Sunday, February 15, 2015


In the previous two Data Points posts, we've written that:

  • the SBAC will be given this spring to students grades 3-8 and 10, and schools are required to do the testing under the NCLB waiver. Science exams will be given in grades 5, 7, and 10.
  • Much lower percentage of students (30-40%) will meet the cut scores for proficiency on the SBAC/Science exams than did on the old ISAT (75-90%).
And now, the State Board of Education is proposing rules to the Legislature that will use those proficiency scores to determine eligibility for high school graduation.  The road ahead is littered with potential serious problems for students.

Here is the language in the proposed State Board of Education rule, introduced in the Senate Education Committee last week:

"IDAPA Rule 08.0203.1401.06 Proficiency. Each student must achieve a proficient or advanced score on the grade ten (10) Idaho Standards Achievement Test (ISAT) in math, reading and language usage in order to graduate...A student who does not attain at least a proficient score prior to graduation may appeal to the school district or LEA, and will be given an opportunity to demonstrate proficiency of the content standards through some other locally established plan...

g. Students who graduate in 2019 are required to pass the ISAT  (SBAC) in grade eleven (11) in mathematics 
and English language usage at a proficiency level set by the State Board of Education...

i. Students who graduate in 2019 will be required to pass an end of course assessment in biology or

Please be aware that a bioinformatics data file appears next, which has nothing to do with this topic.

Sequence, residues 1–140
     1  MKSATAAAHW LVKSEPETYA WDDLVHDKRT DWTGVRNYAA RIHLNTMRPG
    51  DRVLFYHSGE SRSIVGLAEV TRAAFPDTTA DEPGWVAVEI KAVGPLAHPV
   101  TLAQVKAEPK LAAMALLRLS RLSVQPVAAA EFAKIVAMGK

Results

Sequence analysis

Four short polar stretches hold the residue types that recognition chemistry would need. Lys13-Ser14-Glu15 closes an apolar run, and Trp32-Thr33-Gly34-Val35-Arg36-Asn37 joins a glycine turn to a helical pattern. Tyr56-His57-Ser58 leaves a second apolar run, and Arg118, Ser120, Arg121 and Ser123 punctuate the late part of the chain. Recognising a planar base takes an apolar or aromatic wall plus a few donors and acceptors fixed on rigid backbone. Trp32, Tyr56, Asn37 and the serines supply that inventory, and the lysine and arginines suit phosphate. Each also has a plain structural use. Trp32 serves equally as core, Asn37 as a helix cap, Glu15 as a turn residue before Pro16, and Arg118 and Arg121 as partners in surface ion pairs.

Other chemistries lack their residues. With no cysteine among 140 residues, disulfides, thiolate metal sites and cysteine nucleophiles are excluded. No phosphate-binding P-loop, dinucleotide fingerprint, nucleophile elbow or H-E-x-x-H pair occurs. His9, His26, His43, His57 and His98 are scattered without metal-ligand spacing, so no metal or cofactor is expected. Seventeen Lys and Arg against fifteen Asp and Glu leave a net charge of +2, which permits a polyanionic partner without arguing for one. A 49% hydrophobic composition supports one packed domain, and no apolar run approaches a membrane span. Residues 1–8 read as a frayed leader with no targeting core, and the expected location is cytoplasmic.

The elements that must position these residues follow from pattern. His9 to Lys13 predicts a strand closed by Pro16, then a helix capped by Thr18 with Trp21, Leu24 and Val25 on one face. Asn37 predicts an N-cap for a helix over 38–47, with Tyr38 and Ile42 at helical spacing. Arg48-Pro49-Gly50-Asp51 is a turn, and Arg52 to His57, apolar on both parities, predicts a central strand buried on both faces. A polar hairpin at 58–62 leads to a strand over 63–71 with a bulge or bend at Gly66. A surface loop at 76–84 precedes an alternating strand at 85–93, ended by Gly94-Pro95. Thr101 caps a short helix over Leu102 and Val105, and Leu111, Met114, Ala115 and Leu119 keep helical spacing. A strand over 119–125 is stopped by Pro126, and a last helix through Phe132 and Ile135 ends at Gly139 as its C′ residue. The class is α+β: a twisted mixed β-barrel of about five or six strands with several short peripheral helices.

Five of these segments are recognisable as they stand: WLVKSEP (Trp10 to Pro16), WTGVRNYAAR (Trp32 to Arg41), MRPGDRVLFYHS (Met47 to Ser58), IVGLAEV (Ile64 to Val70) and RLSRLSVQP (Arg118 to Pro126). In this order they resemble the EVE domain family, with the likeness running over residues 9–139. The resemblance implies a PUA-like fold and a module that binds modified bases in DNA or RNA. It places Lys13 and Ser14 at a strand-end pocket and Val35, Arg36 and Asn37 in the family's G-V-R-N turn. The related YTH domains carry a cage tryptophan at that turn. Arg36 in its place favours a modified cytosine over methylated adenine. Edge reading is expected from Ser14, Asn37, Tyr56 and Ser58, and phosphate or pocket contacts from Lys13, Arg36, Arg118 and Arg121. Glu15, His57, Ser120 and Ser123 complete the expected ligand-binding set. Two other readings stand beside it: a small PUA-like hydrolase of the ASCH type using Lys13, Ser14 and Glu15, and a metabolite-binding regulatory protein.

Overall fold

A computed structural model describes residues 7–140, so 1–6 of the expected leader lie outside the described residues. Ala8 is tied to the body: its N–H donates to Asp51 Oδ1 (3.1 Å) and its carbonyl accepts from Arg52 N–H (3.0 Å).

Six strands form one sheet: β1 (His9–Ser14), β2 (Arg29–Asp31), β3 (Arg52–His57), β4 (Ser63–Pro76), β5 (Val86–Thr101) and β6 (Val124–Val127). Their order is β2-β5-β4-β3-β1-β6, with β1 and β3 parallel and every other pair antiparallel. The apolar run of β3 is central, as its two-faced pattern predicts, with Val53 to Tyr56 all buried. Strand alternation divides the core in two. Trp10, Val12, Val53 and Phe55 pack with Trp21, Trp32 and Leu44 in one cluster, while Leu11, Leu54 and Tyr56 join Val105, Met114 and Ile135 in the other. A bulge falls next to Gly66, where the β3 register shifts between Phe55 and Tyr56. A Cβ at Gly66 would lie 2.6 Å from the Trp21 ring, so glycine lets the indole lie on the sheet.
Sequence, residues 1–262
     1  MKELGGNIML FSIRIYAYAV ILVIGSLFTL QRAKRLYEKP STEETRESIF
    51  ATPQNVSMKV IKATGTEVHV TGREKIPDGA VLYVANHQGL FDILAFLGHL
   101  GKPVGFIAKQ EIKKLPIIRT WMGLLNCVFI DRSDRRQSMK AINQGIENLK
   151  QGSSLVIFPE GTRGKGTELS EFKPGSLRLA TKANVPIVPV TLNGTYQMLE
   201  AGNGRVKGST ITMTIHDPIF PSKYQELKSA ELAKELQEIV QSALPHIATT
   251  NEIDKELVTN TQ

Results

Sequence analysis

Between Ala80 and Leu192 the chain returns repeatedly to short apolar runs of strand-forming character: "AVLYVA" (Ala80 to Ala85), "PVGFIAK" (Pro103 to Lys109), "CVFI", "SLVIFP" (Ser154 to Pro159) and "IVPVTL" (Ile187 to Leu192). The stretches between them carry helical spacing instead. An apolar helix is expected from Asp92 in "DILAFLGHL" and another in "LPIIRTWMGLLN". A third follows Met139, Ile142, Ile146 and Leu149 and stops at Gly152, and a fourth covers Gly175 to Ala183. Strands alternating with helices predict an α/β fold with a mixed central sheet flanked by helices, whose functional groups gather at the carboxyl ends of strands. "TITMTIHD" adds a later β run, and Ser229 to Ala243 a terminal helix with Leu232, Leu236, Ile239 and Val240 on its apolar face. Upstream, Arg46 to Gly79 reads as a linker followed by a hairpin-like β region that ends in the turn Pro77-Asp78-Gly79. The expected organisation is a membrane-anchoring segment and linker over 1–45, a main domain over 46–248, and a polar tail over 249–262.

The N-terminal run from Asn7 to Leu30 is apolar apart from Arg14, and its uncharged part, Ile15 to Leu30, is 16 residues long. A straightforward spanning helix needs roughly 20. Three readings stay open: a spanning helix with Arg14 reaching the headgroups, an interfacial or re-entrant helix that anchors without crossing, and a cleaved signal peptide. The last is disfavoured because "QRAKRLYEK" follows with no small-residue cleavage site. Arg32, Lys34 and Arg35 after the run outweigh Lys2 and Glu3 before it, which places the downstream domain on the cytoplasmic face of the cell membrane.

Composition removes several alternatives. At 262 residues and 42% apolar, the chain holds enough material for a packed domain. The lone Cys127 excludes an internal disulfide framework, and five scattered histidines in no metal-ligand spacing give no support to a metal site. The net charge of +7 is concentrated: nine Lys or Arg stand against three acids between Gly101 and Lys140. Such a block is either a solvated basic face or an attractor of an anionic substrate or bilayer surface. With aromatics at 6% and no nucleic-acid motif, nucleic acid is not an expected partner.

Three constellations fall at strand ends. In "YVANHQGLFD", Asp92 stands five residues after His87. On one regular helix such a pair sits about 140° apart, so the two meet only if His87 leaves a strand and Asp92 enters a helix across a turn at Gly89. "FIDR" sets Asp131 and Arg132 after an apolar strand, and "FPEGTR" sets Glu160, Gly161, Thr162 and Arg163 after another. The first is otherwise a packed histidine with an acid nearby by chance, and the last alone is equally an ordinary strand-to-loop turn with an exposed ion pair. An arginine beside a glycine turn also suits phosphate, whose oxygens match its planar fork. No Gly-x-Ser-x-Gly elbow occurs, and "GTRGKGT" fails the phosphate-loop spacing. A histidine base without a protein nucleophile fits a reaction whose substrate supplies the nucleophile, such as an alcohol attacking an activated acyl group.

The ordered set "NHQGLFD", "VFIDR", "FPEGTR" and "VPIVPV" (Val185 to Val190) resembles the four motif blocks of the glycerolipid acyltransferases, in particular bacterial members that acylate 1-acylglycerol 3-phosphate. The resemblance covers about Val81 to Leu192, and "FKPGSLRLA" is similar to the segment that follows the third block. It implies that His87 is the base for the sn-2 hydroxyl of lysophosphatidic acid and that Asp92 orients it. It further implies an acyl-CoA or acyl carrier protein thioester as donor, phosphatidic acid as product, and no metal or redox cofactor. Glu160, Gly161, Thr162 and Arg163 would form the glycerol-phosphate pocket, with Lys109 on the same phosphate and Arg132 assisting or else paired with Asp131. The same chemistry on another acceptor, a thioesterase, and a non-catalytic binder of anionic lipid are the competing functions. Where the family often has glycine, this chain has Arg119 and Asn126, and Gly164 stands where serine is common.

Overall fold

chemistry at a proficiency level set by the State Board of Education."

Students must pass all 3 assessments in order to graduate from high school, or demonstrate proficiency using some "alternate route" designed by districts. Using the proficiency percentages generated from the SBAC pilot in English Language Arts and Math, and adding in the unknown of the yet-to-be-administered Science EOC, it's not hard to imagine 60-70% of students statewide involved in retakes in junior year and pursuit of the "alternate path" to high school graduation.

In fact, to check our assumptions, we looked at members of the Boise District high school graduating class of 2009, and identified those class members who have graduated from college with a certificate, an Associate degree, or a Bachelor's degree. Then we used the SAT and ACT scores of those students as a proxy for the SBAC, and identified the students who did/did not meet the "college ready" standards of those exams.

We found that 40% of these college graduates did not meet at least one of the readiness standards of the College Entrance Exam they took in high school. Among those who obtained an Associate degree or a Certificate, the percentage not meeting the standard was 63%; among 4-year degree holders it was 39%. 25% of STEM majors did not meet the criteria, and over half of Business majors' scores fell  below the cutoff. In other words, if these students were held accountable to the proposed graduation standards, many of them would have been required to take remediation in high school and been told they were not "college and career ready".

And what of the students who are earning Professional-Technical licenses in areas such as Auto Body, Welding, or Heavy Duty Diesel, courses that will assure them of being career ready and employable right out of high school? They will also need to prove they are "college ready" by passing the SBAC.

The Individual Mandate for high school graduation will go into effect for the class of 2019, students currently in the 8th grade, if the proposed rule noted above is affirmed on February 18 at the State Board meeting in Boise, and is ultimately approved by either of the legislative Education Committees.